26. ^ Gerard Ryle (21 January 2014). "China's elite linked to secret offshore entities". ICIJ. Retrieved 21 January 2014.
  27. ^ "Western advisers helped an autocrat's daughter amass and shield a fortune". 19 January 2020. Retrieved 21 September 2020.
  28. ^ "Luanda Leaks | Africa's richest woman exploited family ties, shell companies and inside deals". 19 January 2020. Retrieved 21 September 2020.
  29. ^ "Explore: How to build a business empire". 15 January 2020. Retrieved 21 September 2020.
  30. ^ a b "DocumentCloud 149 Results Source: Internal documents from Mossack Fonseca (Panama Papers) – Provider: Amazon Technologies / Owner: Perfect Privacy, LLC USA". Center for Public Integrity. Retrieved 4 April 2016.
  31. ^ a b c "Panama Papers: Government announces creation of 'panel of experts'", BBC News, BBC, 7 April 2016, retrieved 7 April 2016
  32. ^ Obermaier, Frederik; Obermayer, Bastian; Wormer, Vanessa; Jaschensky, Wolfgang (3 April 2016). "About the Panama Papers". Süddeutsche Zeitung. Archived from the original on 3 April 2016. Retrieved 3 April 2016.
  33. ^ "The Panama Papers: Data Metholodogy". ICIJ. 3 April 2016. Archived from the original on 5 April 2016. Retrieved 3 April 2016.
  34. ^ a b "ICIJ releases new investigation: the Paradise Papers". International Consortium of Investigative Journalists. 5 November 2017. Retrieved 5 November 2017.
  35. ^ a b c McIntire, Mike; Chavkin, Sasha; Hamilton, Martha M. (5 November 2017). "Commerce Secretary's Offshore Ties to Putin 'Cronies'". The New York Times. ISSN 0362-4331. Retrieved 5 November 2017.
  36. ^ "'Paradise Papers' documents touch Trump administration". POLITICO. Retrieved 5 November 2017.
  37. ^ Miller, Greg; Cenziper, Debbie; Whoriskey, Peter (3 October 2021). "Pandora Papers - A Global Investigation - Billions Hidden Beyond Reach - Trove of secret files details opaque financial universe where global elite shield riches from taxes, probes and accountability". The Washington Post. Retrieved 3 October 2021.
  38. ^ "Pandora Papers: A simple guide to the Pandora Papers leak". BBC News. 3 October 2021. Retrieved 3 October 2021.
  39. ^ "Offshore havens and hidden riches of world leaders and billionaires exposed in unprecedented leak - ICIJ". 3 October 2021. Retrieved 3 October 2021.
  40. ^ "Pandora Papers: Secret wealth and dealings of world leaders exposed". BBC News. 3 October 2021. Retrieved 3 October 2021.
  41. ^ "Bigger than Panama: Several Pakistani names on upcoming Pandora Papers | SAMAA". Samaa TV. Retrieved 2 October 2021.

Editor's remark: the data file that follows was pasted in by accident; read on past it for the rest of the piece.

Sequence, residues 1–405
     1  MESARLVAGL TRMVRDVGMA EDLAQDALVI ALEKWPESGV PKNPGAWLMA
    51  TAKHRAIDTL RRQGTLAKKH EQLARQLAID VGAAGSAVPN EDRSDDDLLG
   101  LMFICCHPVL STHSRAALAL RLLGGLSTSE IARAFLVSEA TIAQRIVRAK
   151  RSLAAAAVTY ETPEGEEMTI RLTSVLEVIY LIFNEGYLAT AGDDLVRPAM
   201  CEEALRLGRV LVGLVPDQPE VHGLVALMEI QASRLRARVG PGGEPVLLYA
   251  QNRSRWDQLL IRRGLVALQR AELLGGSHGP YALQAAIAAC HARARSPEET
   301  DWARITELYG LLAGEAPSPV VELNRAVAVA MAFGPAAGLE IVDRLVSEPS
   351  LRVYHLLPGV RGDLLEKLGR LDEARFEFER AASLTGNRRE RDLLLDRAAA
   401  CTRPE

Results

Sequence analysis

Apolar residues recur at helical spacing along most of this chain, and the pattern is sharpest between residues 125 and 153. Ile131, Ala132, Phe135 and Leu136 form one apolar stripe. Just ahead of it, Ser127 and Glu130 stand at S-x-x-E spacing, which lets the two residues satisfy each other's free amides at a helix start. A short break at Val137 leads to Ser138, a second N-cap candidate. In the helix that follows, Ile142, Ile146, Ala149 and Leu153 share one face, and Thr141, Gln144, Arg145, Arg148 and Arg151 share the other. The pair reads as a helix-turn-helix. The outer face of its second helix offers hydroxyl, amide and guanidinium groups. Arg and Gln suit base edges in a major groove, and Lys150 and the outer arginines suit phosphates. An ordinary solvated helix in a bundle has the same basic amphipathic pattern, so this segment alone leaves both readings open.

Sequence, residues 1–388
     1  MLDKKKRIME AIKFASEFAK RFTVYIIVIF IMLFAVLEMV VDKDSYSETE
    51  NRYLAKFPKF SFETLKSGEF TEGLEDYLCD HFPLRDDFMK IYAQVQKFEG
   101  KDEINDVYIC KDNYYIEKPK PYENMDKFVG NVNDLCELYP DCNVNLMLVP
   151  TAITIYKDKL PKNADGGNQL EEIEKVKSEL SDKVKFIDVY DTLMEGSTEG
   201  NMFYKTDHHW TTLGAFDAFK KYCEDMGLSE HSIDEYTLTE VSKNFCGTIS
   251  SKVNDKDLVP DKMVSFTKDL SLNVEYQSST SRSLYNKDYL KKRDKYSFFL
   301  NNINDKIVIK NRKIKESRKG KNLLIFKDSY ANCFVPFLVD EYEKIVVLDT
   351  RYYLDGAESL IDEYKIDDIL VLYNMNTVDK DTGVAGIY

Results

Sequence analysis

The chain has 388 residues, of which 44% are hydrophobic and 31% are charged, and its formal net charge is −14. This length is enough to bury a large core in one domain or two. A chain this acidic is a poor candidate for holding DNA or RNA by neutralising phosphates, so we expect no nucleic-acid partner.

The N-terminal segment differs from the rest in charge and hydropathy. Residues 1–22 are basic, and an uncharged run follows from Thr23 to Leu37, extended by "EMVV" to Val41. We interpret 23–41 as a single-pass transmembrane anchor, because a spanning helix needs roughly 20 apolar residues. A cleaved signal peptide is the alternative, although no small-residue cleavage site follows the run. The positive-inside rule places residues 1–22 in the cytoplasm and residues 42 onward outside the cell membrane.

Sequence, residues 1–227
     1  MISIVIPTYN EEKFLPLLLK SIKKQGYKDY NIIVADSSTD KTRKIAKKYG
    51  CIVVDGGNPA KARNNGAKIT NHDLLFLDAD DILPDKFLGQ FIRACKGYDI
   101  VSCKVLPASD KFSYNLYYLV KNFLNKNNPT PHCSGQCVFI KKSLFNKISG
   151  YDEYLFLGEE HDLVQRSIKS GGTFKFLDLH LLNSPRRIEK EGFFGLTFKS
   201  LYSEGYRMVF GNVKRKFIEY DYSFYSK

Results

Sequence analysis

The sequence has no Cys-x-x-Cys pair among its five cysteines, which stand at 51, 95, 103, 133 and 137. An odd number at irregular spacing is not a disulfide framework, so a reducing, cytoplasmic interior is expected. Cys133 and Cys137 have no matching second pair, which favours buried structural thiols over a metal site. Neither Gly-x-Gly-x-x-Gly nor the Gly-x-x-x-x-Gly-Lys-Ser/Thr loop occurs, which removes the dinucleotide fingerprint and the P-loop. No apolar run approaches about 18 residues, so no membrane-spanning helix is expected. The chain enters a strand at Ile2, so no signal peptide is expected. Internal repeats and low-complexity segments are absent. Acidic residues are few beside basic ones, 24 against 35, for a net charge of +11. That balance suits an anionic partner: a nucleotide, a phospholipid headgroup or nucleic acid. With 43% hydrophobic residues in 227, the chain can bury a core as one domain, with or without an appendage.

42. ^ "Pandora Papers: Exposé featuring financial secrets of high-profile individuals to be released Sunday". Retrieved 2 October 2021.
  43. ^ "ICIJ set to release Pandora Papers same like Panama Papers". Dunya News. Retrieved 2 October 2021.
  44. ^ Ghumman, Faisal Ali (2 October 2021). "ICIJ 'to release' Pandora Papers (Panama-2) also involving Pakistanis tomorrow". GNN - Pakistan's Largest News Portal. Retrieved 2 October 2021.
  45. ^ Shiel, Fergus (23 November 2019). "China Cables, China's Operating Manuals for Mass Internment". International Consortium of Investigative Journalists. Retrieved 27 November 2019.
  46. ^ Donkin, Karissa; Zalac, Frédéric (25 September 2020). "2 shadowy Canadian companies flagged by banks for millions received in suspicious transfers". CBC News. Retrieved 26 September 2020.
  47. ^ Ghosh, Shona (8 November 2017). "How a nerdy Swedish database startup with $80m in funding cracked the Paradise Papers". Business Insider. Retrieved 17 November 2018.
  48. ^ "Razzle-Dazzle 'Em Ethics Reform". New York Times. 26 June 2016. Retrieved 27 November 2015.
  49. ^ Galvin, Kevin (1996). "Buchanan Campaign Chief Has Military Ties". Associated Press.
  50. ^ Goldstein, Steve (16 February 1996). "'Outsider' Runs Filled With 'Insider' Advisers". Philadelphia Inquirer. Retrieved 19 June 2013.
  51. ^ "Frequently Asked Questions". Center for Public Integrity. Archived from the original on 15 June 2012. Retrieved 9 June 2012.
  52. ^ "The States Get a Poor Report Card". New York Times. 19 March 2012. Retrieved 27 November 2015.
  53. ^ "International Consortium of Investigative Journalists Inc - GuideStar Profile". Retrieved 1 January 2020.

External links[edit]